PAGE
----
Why we survey doctors about training across the UK

Each year, we run a national survey to ask all doctors in training for their views on the training they receive. In 2016, we also asked for feedback from medical trainers. But why and how do we do it? Tom Bandenburg, Project Manager of the national training survey at the GMC, explains.

Why does the GMC run the national training surveys each year and how are the results used?

The surveys are our way of reaching 55,000 doctors in training, and 45,000 trainers, and asking them whether our standards for medical education and training are being met on the ground.

Essentially, the national training surveys are powerful screening tools that help identify concerns about training locally. We publish the survey results within a couple of months so concerns can be investigated quickly.

Within the GMC, we use the survey results to identify where doctors in training and trainers feel their training environment isn’t meeting our standards.

Within the GMC, we use the survey results to identify where doctors in training and trainers feel their training environment isn’t meeting our standards. We then work with postgraduate deans and local training programme directors to investigate concerns.

We also use the survey results to identify patterns. As we survey each year, we can see whether actions taken to address concerns raised in previous years have made a difference to doctors in training.

In response to concerns raised in the survey we have, for example, inspected and reported on training in emergency departments, and carried out a review into bullying and undermining in medical education and training across different sites. We will continue to use the survey to identify and focus on issues affecting doctors in training, as pressures in the NHS continue.

How would you rate the quality of clinical supervision in this post? - National training survey key findings report 2016, p. 26

‘How would you rate the quality of clinical supervision in this post?’ – National training survey key findings report 2016, p. 26

Why does the GMC produce a report a few months after the data has been released?

The survey results are published in our online reporting tool every summer. The tool is primarily designed for those who are responsible for medical education and training in a particular deanery/LETB, trust or board. They extract their local data, look at their red and green flags, and plan how to tackle issues raised by their trainees and trainers.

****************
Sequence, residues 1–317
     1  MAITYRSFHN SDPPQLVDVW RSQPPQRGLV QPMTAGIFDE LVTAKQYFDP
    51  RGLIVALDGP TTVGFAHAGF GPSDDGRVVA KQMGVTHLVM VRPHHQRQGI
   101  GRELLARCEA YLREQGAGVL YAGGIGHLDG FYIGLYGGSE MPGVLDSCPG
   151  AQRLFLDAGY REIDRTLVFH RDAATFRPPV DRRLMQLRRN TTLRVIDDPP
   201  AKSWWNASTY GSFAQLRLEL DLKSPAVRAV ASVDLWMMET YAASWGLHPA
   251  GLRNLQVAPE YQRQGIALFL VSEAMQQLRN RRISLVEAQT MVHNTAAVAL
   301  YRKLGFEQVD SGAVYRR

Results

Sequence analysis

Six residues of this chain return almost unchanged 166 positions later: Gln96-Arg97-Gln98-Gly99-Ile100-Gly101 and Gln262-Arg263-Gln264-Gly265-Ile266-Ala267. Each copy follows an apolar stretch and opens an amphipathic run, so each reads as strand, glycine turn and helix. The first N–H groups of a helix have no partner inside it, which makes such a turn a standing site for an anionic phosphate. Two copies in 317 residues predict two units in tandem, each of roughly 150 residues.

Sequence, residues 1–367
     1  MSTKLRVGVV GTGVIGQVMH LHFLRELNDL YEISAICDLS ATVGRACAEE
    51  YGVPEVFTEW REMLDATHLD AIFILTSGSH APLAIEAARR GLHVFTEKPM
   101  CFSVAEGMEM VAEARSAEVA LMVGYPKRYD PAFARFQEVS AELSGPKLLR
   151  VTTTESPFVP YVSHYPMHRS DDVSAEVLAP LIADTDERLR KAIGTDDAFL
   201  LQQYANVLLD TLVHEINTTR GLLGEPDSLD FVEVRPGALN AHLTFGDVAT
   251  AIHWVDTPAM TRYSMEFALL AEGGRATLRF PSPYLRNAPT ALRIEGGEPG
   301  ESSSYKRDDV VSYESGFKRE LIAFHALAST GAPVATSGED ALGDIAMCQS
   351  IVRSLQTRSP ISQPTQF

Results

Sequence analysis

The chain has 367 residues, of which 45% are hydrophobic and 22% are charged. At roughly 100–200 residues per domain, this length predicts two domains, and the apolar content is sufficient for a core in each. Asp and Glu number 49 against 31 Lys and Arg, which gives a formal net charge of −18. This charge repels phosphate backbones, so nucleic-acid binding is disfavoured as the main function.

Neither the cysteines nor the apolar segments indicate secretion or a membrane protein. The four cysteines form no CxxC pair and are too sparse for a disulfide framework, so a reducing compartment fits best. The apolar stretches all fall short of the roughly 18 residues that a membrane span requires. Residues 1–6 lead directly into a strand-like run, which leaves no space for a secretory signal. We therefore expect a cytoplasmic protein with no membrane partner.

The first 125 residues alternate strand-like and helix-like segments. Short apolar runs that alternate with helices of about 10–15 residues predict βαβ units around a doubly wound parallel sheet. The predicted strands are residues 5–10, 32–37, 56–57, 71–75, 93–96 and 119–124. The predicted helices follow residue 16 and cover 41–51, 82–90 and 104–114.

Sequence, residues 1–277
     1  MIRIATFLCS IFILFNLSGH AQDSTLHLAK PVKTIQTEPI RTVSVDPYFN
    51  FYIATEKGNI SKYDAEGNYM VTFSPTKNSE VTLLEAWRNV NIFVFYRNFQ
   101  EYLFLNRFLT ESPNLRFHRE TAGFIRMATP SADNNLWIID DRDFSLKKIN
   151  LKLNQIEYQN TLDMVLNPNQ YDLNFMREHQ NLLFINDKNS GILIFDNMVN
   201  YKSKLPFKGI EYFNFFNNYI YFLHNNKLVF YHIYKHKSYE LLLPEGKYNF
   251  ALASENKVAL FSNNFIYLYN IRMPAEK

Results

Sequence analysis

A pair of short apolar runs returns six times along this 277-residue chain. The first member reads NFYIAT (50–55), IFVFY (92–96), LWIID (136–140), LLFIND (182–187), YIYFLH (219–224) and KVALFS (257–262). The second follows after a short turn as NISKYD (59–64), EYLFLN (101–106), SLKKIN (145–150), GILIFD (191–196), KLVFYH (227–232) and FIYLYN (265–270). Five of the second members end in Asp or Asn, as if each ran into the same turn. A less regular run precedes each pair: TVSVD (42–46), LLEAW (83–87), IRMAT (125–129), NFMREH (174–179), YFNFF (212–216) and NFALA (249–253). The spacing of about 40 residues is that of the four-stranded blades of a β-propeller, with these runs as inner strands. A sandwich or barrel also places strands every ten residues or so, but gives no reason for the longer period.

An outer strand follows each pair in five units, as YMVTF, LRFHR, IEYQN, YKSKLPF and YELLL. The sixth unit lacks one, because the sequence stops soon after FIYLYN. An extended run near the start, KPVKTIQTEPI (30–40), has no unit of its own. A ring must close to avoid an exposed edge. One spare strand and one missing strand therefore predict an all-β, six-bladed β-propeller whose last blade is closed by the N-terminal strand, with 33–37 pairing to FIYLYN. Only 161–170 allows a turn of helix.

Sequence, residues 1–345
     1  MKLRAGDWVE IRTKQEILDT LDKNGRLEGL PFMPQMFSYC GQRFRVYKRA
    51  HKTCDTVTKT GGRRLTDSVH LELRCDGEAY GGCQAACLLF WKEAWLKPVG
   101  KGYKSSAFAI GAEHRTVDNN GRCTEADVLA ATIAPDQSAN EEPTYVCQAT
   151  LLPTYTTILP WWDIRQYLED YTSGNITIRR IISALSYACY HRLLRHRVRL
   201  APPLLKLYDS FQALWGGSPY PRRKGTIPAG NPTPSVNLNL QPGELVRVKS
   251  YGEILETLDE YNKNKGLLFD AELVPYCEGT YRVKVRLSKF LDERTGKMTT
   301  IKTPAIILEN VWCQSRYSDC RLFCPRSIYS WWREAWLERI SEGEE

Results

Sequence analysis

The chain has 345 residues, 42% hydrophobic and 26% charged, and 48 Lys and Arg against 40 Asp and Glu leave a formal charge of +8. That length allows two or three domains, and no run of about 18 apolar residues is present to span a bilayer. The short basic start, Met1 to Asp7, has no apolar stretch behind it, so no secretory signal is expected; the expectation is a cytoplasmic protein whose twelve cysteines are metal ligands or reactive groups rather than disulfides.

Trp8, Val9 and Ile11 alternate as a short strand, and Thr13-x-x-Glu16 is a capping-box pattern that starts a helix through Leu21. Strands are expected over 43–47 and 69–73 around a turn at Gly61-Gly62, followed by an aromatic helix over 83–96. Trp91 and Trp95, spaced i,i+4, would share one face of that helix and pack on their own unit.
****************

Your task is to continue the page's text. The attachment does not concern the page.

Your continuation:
We report these findings back to the deaneries/LETBs and trusts to drive improvements.

What this release doesn’t do is provide a high level analysis of trends or patterns, so that’s why we produce a report later in the year.

We carefully analyse the results for trends that have been indicated by both doctors in training and by trainers. We also cross-reference some of the statistics to look for any potential links. For example, we looked at whether those doctors who report heavy workloads are the same doctors who raise patient safety concerns. We report these findings back to the deaneries/LETBs and trusts to drive improvements.

How have survey results driven improvements for doctors in training?

The survey results are taken very seriously. Across the UK, postgraduate deans and their teams work with local education providers to investigate concerns that doctors in training and trainers raise. They then have to report back to us on the actions they’ve taken to address issues. Every year, improvements are made across hundreds of training environments.

Every year, improvements are made across hundreds of training environments.

For example, in 2015, survey results showed a hospital with red flags for handover in rheumatology. Doctors in training worked across multiple sites, making face to face handover difficult. The local education provider acted on the results, introducing a number of changes including a daily formal virtual handover via a shared database. Thanks to this action, handover in the department got a green flag in the 2016 results. That’s just one example how the survey results lead to improvements – you can read more case studies in this year’s report.

Process map of how national training survey results are used

How the national training survey results are used by local training providers and others